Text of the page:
Launch a project and give it a name (I used “todo-app-project”). Clicking the box on the right-side name field will generate a random name for you.  

Your new project will launch and you will be placed into the project (there is a project dropdown, and your new project will be highlighted).

Launch our datastore

From your new project, click Launch -> Data Store.

1. Choose Postgres (version 15) (if you want to use a different database type, Dome offers many different options for your data store. In this case, the app was written with PostgreSql).

2. Pick a name: “todo-database” seems a nice descriptive term.

3. Pick your region in this case we’ll deploy our application in  “US Central”

4. The next choices are Database Access (username/password for access) and Network Access (port 5432).  We will stick to the default values here.

5. Database size. For a small TO-DO list, we can pick the smallest size (and that is still overkill.) If your site will need a bigger disk size, you can update the option here.

6. Resources - again leave to default - our DB does not require much in the way of resources.

7. Launch instance.  When you click this, a database will be deployed in US Central.You’ll be taken to the database status page, where you can find the connection details. Wait until you see that the database is deployed - it should just take a few seconds.  We’ll need the HOST value in the next section.  Leave this page open, or make a copy of the value for later.

It is also important to note that the HOST is a local variable.  Your Postgres database is not exposed to the internet, so only your application will be able to access the stored data.

Launch the webserver

The database is now deployed, so let’s deploy the Front & backend services.

1. From the Launch Now - pick Web Service.

2. Give your service a name, and pick the deployment location. You can pick a domain (like trydome.io), but we’ll just use the name given to us from the tooling. We’ll launch in US-Central so that our web server is close to the database.

3. You can launch your web service from a pre-built Docker image or from a Git repository,  Since we have a Git repo, we’ll use that:

4. We will use the HTTPS Git URL. You can find this under the green button on the GitHub repository page.

5. There is no Dockerfile in our repo, so we will use the default builder. Choose the main branch to build the site.  Dome Platform will create a docker build of our application using this builder.

6. Environmental Variables.  Remember we had variables that allowed the site to run locally? We need new values for the Site running on Dome. We will need to enter 4 variables:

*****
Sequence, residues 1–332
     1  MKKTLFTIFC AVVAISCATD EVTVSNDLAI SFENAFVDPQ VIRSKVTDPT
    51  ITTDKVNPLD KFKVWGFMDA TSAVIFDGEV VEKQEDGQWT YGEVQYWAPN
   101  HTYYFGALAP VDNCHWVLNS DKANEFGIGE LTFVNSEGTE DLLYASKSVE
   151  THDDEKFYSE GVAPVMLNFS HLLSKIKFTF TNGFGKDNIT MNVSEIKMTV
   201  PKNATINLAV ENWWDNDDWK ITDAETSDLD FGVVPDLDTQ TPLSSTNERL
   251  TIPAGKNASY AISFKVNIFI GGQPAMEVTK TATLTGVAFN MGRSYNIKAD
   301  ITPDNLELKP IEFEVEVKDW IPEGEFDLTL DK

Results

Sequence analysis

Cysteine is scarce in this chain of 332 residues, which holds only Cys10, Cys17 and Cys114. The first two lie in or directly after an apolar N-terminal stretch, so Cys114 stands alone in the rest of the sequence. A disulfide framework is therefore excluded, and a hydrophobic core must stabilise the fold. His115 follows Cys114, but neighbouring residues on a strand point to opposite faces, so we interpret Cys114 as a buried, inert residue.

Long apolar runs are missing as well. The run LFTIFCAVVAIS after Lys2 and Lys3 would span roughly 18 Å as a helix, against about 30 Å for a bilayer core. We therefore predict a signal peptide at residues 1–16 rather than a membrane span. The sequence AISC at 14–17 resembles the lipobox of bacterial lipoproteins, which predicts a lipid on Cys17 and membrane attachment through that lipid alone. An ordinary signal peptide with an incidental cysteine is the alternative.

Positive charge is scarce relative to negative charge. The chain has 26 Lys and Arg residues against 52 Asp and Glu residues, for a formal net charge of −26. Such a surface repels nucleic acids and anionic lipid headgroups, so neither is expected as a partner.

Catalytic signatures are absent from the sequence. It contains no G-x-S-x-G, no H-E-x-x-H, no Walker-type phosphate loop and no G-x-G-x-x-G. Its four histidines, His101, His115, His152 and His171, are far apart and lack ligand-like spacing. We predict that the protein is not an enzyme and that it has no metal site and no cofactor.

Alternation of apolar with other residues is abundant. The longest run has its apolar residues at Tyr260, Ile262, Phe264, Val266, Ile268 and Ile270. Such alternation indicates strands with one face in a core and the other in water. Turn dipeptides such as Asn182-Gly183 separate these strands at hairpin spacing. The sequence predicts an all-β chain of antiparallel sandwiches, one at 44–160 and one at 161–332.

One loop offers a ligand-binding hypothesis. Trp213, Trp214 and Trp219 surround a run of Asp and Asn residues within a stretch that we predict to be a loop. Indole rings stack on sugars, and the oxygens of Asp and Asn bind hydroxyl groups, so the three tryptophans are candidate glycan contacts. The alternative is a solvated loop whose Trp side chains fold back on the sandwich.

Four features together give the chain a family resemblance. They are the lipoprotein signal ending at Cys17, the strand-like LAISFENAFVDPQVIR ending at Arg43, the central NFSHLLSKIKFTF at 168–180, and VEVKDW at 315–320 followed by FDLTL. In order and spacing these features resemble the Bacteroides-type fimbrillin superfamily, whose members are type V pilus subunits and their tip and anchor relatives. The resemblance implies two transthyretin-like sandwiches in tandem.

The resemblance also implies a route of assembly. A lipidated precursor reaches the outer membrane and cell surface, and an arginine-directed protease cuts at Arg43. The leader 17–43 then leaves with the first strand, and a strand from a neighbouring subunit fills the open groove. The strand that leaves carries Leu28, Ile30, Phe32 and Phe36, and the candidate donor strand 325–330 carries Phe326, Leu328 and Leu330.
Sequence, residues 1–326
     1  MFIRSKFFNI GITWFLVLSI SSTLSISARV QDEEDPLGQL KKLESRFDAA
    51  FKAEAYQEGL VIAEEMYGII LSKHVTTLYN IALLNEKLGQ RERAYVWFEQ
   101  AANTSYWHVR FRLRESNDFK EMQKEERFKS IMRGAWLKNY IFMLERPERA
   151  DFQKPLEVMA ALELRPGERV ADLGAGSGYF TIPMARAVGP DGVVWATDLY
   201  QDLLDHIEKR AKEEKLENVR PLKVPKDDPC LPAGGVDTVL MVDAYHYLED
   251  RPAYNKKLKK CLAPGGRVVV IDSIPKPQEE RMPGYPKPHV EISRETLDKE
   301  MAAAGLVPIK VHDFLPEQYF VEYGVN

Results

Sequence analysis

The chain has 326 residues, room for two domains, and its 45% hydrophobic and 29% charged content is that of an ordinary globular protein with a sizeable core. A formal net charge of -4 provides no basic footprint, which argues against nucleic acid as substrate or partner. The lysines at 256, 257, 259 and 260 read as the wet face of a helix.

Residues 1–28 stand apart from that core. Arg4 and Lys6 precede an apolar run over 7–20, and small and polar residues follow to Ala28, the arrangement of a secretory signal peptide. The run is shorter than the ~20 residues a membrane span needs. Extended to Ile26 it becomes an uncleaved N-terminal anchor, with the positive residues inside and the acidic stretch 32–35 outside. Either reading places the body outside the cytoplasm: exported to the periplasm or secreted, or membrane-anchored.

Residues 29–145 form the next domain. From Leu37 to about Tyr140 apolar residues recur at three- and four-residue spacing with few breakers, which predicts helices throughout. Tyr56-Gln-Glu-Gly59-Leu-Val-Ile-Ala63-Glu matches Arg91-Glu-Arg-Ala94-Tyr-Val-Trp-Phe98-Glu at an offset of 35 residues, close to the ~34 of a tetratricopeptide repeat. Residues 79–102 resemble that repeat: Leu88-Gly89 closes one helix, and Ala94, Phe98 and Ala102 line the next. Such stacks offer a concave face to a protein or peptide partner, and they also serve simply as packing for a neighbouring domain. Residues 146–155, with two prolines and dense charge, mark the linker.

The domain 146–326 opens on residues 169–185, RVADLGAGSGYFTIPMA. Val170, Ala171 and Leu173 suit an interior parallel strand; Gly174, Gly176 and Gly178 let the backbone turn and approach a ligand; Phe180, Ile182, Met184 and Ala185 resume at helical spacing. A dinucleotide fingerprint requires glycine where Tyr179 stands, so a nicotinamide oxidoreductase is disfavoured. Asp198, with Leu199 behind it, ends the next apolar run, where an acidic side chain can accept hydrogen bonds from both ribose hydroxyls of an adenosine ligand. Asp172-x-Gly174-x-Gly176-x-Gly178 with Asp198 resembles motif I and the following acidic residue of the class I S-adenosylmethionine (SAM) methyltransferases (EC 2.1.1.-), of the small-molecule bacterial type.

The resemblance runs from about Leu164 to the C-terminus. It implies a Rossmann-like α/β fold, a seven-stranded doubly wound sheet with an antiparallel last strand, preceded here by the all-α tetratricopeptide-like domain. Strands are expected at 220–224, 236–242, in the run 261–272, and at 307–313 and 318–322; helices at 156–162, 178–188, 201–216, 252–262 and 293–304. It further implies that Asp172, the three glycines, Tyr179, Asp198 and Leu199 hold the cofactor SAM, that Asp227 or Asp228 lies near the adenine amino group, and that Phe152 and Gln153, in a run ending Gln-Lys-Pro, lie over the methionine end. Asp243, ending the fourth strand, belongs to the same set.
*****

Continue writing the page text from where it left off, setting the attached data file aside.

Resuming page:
DB: postgres
postgresDB_SERVER: (the HOST value from the database page)

7. Networking. The Node server is running on port 8080. This port is not exposed to the internet by default.  Since we want people to access our server, we need to specify an external port: 443. This is the HTTPS port and Dome will take care of all the certificates required to host the webpage securely.

8. Resources - no need for a bigger server for our sample app., so we can use the default values.

9. Launch service!

10. You’ll land on a page that shows that the service is building:

11. Dome is building a Docker container for the application. Once the build is completed, we can deploy our application:

12. Select the build and press “play” to deploy. Once your build is deployed, confetti will fly across the dashboard, and you’ll see a URL where you can access your application.

Click the URL and you will see that you are in business:


In this post, we walked through a full stack deployment of a simple web application. Using Dome Platform, we deployed a database, the front & back ends of our app with ONE tool with a few simple steps. In just minutes  we are now able to share our website with the world. When changes are made on our GitHub repository, we can just click the Build, wait for the build, and redeploy! Easy peasy, lemon squeezy.

In this example, we used NodeJS and PostgreSQL, but Dome Platform can be used with many backend server languages and database options. No matter what you have built, it can be deployed at Dome. Deploy one project. Deploy all your projects. The Dome team is here to help if you have any questions.

If you’d like to try Dome, sign up at https://trydome.io/signup!